Coding Low-Frequency Ultrasound Wound Care Management
Low-frequency ultrasound (LFU) (e.g., MIST® Therapy), is a type of therapeutic, noncontact ultrasound used to treat chronic wounds. Per CPT Assistant (June 2014), such wounds may include:
- Recalcitrant wounds
- Pressure ulcers
- Diabetic foot ulcers
- Arterial ulcers
- Venous insufficiency ulcers
- Post surgical wounds
- Sickle cell ulcers
- Colonized wounds
LFU is used when there may not be an option to restore adequate blood flow alternatives via alternative percutaneous or surgical revascularization procedures.
Proper coding for LFU is 97610 Low frequency, non-contact, non-thermal ultrasound, including topical application(s), when performed, wound assessment, and instruction(s) for ongoing care, per day. Report the once, per day, for the duration of treatment. Complete provider documentation should include wound assessment and ongoing instructions, if provided. Additional, payer specific documentation elements may include:
- Wound size and depth
- Presence or absence of obvious signs of infection
- Presence or absence of necrotic or devitalized tissue
- State of the patient’s nutrition
Be careful not to confuse LFU with other wound care services (e.g., negative wound pressure therapy, surgical debridement). “For example, the selective debridement codes (97597, 97598) describe invasive procedures that remove devitalized tissue from the wound,” advises CPT Assistant. “Another example is the nonselective debridement code (97602), which addresses the application of dressings, enzymes, and abrasive procedures to remove devitalized tissue.” The AMA also provides the following coding/documentation tips relative to 97610:
- The site of service for LFU wound therapy is typically an office or other outpatient setting, inpatient or outpatient hospital setting, nursing facility, or wound-care center.
- Although LFU wound therapy uses a noncontact approach, continuous attendance by a qualified health care professional is required. The ultrasound used in LFU wound therapy stimulates the cells within and below the wound bed, which is proposed as the mechanism that accelerates the healing process. [CPT guidelines clarify: "The work of the physician or other qualified health care professional consists of face-to-face time with the patient (and caregiver, if applicable) delivering skilled services.”]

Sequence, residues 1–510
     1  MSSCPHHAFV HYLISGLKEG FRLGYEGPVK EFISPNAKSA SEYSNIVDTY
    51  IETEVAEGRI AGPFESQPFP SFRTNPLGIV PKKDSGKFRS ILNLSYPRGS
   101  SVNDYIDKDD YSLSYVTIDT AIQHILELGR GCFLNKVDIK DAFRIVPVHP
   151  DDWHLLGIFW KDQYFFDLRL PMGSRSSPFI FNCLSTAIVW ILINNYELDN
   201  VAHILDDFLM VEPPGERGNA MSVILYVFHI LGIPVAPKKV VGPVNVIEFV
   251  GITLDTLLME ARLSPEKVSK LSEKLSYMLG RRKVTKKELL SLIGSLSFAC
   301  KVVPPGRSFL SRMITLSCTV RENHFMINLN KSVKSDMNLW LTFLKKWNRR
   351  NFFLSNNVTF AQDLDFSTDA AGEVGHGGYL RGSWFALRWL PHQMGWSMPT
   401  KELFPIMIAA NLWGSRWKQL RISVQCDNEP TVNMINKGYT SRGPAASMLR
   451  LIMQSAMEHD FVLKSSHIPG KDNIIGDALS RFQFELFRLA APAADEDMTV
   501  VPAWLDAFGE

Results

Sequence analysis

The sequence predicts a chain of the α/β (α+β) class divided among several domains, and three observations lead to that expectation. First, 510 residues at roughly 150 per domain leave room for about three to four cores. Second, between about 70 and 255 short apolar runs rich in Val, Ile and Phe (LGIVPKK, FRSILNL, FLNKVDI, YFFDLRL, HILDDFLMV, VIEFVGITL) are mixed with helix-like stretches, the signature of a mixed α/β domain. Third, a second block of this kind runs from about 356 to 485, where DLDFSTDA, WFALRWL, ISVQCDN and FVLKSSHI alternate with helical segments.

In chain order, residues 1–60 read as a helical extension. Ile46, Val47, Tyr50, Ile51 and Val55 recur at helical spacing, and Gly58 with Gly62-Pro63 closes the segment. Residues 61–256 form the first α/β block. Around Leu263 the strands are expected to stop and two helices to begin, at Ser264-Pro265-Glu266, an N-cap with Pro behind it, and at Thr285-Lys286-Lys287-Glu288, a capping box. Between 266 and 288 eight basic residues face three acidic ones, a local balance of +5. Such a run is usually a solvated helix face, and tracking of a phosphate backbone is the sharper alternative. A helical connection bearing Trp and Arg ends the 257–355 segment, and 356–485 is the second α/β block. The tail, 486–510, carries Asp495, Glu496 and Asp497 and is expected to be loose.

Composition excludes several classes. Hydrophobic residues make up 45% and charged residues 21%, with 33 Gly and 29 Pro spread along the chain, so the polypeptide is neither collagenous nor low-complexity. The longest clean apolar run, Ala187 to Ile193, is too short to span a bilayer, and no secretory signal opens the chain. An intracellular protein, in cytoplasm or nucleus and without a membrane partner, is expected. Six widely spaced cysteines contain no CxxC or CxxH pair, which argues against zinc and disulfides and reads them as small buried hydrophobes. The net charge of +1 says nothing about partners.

- Other wound-care services (eg, sharp debridement, negative pressure–wound therapy, skin substitutes) may be provided before or after the LFU treatment and may be reported separately. [P[Per CPT® guidelines, "Do not report 97597-97602 in conjunction with 11042-11047 for the same wound.”]li>
Be aware that Centers for Medicare & Medicaid Services (CMS) designates 97610 to be a “sometimes therapy” code. Items on the sometimes therapy services list are paid under the outpatient prospective payment system (OPPS) if they are not furnished under a therapy plan of care. When furnished under a therapy plan of care, they are considered to be a physical or occupational therapy service and paid under the appropriate fee schedule.
Billing requirements for sometimes therapy codes differ depending on the professional who provides the service, and/or the circumstances under which the service is delivered.
- Any sometimes therapy service provided by a qualified rehabilitation therapist is considered to be an “always therapy” service and must be delivered under a rehabilitation plan of care (POC) and billed with the appropriate therapy modifier. For example, if a qualified therapist provides the service, coders must report the service under a therapy revenue code with modifier GP Services delivered under an outpatient physical therapy plan of care for physical therapist.
- Any sometimes therapy service that is provided as an integral part of a therapy POC must be billed with a therapy modifier regardless of the providing professional’s credentials, including physician, non-physician practitioner (NPP), or psychologist.
- Any sometimes therapy service that is not appropriately part of a therapy POC and is provided by a non-therapist (i.e. physician, NPP, psychologist, or therapist working incident-to the physician/NPP) should not be billed with the therapy modifier.
Latest posts by John Verhovshek (see all)
- Remember: CMS Allows ’97 Extended HPI with ’95 E/M Guidelines - December 5, 2016
- Code to the “Highest Severity” for Drug Use, Abuse, and Dependence - December 5, 2016
- HHS Warns of Phishing Attempt Disguised as Audit Communication - December 1, 2016